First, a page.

Chapter 6: Joe’s Return

Part 1: Joe & Sammy’s Bond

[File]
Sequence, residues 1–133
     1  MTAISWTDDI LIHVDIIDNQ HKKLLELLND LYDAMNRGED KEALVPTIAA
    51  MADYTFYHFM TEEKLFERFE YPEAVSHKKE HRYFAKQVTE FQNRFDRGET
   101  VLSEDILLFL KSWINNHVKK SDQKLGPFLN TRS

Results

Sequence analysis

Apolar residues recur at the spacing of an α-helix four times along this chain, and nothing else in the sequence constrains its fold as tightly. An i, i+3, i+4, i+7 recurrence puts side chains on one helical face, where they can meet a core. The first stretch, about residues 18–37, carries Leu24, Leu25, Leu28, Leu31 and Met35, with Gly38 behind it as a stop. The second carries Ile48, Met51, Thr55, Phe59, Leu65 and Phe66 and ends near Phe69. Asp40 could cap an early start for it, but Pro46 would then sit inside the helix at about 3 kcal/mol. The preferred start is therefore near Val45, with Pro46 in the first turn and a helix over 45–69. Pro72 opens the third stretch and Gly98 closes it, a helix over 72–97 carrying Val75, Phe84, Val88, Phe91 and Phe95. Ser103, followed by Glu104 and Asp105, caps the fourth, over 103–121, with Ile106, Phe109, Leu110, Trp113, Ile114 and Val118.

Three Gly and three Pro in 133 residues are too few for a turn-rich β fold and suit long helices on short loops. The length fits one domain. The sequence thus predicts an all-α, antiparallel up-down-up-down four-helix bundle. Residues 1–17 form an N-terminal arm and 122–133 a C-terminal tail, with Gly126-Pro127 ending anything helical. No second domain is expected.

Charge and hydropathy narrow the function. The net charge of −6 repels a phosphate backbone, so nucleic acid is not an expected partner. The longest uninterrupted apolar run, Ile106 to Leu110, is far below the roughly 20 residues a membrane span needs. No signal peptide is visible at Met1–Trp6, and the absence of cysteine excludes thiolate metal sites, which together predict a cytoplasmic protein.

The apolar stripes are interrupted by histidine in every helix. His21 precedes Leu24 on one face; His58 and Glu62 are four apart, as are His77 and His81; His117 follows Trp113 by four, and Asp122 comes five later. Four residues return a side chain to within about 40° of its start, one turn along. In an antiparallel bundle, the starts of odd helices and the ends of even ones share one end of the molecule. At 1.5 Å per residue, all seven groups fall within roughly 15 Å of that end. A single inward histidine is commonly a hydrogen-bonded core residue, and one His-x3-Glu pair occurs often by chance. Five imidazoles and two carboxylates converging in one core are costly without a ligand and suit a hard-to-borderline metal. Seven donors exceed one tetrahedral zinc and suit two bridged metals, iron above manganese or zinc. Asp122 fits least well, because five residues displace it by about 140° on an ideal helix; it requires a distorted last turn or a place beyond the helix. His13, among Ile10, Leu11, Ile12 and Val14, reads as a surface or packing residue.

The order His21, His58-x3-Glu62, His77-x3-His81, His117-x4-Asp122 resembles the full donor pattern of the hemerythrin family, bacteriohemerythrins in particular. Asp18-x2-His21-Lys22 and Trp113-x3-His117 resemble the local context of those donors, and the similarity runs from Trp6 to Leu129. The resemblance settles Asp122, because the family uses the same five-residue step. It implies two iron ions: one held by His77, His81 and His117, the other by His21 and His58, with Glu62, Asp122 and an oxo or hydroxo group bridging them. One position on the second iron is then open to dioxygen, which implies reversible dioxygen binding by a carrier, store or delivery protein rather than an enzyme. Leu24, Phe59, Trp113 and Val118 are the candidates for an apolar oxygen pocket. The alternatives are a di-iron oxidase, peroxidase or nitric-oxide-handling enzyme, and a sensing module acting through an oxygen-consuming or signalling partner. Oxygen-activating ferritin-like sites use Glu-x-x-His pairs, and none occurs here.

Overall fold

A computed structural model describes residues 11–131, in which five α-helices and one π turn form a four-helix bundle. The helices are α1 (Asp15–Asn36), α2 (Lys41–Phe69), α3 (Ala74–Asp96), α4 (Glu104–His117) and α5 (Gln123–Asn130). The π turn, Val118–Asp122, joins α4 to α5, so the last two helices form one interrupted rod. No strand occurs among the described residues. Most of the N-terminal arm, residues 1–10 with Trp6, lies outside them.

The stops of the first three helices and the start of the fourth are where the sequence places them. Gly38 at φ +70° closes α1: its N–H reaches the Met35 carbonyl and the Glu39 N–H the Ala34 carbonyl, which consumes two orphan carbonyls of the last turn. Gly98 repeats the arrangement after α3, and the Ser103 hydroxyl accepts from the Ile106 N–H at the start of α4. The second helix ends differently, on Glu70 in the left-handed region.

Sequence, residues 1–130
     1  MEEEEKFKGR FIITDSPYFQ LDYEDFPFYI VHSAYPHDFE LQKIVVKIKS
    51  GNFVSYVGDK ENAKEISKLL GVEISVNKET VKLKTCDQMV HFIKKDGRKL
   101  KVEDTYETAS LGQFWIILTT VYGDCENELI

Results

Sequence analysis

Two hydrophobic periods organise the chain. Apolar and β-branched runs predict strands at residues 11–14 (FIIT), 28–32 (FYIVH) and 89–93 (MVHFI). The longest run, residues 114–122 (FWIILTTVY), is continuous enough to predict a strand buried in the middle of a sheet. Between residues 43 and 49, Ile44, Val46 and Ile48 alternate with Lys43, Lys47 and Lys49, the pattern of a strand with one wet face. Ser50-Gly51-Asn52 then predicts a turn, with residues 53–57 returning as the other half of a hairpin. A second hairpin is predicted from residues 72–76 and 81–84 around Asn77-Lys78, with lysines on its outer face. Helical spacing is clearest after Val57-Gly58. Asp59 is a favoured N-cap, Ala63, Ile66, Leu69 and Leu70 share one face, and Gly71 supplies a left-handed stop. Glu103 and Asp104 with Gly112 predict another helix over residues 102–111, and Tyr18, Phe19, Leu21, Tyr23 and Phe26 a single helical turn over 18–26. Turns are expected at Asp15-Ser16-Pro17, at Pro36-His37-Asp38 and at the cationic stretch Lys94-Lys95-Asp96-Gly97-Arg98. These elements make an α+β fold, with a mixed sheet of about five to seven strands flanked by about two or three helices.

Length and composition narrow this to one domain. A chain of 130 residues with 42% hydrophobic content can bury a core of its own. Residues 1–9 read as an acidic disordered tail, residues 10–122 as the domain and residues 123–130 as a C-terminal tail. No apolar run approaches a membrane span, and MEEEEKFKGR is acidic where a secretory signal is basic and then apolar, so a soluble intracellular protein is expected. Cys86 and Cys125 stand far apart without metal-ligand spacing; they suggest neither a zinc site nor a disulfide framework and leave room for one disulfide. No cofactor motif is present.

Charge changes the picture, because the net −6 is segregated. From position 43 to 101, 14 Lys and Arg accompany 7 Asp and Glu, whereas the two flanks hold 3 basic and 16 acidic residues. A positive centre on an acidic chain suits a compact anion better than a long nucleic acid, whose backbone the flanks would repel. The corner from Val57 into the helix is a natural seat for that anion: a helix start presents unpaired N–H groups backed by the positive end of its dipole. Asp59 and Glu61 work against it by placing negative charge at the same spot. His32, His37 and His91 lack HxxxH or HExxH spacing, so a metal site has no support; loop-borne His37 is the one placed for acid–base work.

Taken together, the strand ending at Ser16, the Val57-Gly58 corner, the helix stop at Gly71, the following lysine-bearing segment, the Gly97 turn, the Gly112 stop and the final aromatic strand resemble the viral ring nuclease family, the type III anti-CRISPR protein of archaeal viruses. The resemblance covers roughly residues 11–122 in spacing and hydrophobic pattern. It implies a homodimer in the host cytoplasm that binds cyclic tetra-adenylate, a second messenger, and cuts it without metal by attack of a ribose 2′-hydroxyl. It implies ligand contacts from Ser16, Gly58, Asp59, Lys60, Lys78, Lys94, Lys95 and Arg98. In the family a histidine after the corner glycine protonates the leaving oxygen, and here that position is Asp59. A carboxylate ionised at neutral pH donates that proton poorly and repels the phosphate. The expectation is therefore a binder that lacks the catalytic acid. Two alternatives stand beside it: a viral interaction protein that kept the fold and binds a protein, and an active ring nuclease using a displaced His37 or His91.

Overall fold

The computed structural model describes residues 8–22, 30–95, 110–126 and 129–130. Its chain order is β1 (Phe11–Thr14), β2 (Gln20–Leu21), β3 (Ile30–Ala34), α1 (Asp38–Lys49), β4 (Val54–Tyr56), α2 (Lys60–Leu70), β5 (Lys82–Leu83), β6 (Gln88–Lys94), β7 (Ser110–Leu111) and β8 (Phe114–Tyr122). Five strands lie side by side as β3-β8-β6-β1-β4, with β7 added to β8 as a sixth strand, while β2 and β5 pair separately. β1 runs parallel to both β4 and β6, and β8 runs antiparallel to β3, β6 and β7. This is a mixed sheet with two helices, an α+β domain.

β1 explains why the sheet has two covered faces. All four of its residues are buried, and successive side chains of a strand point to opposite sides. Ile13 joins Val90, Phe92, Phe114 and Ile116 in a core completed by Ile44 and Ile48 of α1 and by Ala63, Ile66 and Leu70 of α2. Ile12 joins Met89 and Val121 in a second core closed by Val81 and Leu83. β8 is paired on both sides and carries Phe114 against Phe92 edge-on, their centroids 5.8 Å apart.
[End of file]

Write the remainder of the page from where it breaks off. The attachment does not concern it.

Although he should be hesitant, the luxury of having a collaborator is propelled into the forefront of Sammy’s mind once Joe returns. Although he has tried very hard to give up his sidekick role and the sexual fantasies that it allows him to live out, Joe’s presence ignites the possibility of re-starting the partnership, which is simultaneously exciting and anxiety provoking for Sammy. Sammy’s life, before Joe returns, is very unfulfilling, as other comic book professionals observe that he “looked pretty down in the mouth” and “is not a happy man” (480). Although Stan Lee (Spiderman) and Julie Glovsky are commenting on Sammy’s mishap of a career in the advertising world, they are unknowingly priming the reader to learn more about Sammy’s dissatisfaction in his personal life. Joe, not privy to the complications of Sammy’s secret adventures with Tracy Bacon, his run-in with the police or his current status as stand-in husband and father, " used to always imagine that he was happy” (Chabon, 555). But what Joe fails to recognize is that Sammy was left all alone in a geographical setting that reminded him constantly of the golden age of Kavalier & Clay. The setting is hugely important, because Sammy’s line of work (comics) is inherent to his location in or around New York City. Living in New York, the place where the golden age took place, combined with Joe’s sudden return greatly complicates Sammy’s struggle between moving on and regressing. His “fake escape” begins to reveal itself as Joe’s presence prompts some of Sammy’s long unconfronted fantasies to emerge. Sammy’s erotic bond with Joe is as strong and present as it ever had been when Joe makes his return as the Escapist. Sammy’s realization of his sexual attraction serves as part of his motivation to leave the family and start a new life toward the end of the novel. His response to Joe noticing the weight he has put on is at once defensive and sexually charged: “It’s all in my face. I still swing the dumbbells every morning. Feel my arm” (Chabon, 540). Joe, who encourages this behavior by squeezing Sammy’s arm, gives Sammy hope that the partnership they shared previously can work. Still longing for the sexuality that existed between them, Sammy finds himself getting more and more comfortable with Joe around. Sammy’s lust for Joe comes to the psychological surface, to a conscious level when the two cousins start talking about comic books: the very profession that brought them together at the initial stages of their relationship. At one point, Sammy becomes genuinely very excited about Joe’s work, even though its content is too Jewish to be published. Sammy’s arguments that the work could gain mass appeal cue Josef in to an awareness that Sammy longs for the old days. Prompted by this realization, Joe asks, “you want us to work together again?” to which Sammy, caught off guard, replies, “Well…actually…” (Chabon, 585). Sammy’s embarrassment regarding his cousin’s realization that he long secretly for a return to their partnership is one further step in the process to understanding his own psychology. Grappling with the awareness that his perfect solution may be flawed, a frustrated Sammy comes down hard on Joe: “You always did have a way of confusing my priorities like that” (Chabon, 590). Without truly understanding his own situation, Sammy feels the need to lash out in order to protect his own feelings: he can’t be sucked into the world of comics and partnerships and sidekicks again, but it is not until there is a significant krise in Sammy’s life that he fully understands why or what to do about it.